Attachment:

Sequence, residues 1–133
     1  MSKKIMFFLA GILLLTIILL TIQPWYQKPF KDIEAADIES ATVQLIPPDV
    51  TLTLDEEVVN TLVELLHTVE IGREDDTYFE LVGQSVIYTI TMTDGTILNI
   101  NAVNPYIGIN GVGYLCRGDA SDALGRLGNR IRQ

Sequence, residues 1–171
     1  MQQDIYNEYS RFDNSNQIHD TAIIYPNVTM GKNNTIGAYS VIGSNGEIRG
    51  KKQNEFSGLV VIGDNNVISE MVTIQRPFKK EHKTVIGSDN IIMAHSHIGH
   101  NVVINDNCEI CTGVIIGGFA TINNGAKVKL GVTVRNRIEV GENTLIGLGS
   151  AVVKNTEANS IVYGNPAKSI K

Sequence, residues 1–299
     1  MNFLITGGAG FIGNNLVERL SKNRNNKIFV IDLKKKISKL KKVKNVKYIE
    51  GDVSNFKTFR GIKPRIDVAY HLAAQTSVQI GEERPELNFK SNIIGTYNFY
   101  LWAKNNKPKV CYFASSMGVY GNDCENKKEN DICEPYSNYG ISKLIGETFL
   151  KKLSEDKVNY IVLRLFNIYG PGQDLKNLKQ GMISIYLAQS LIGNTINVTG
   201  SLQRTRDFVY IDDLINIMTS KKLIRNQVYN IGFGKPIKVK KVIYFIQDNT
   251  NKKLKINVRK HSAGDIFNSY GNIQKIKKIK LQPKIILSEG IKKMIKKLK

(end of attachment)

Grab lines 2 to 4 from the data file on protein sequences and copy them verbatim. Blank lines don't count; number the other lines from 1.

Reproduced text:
     1  MSKKIMFFLA GILLLTIILL TIQPWYQKPF KDIEAADIES ATVQLIPPDV
    51  TLTLDEEVVN TLVELLHTVE IGREDDTYFE LVGQSVIYTI TMTDGTILNI
   101  NAVNPYIGIN GVGYLCRGDA SDALGRLGNR IRQ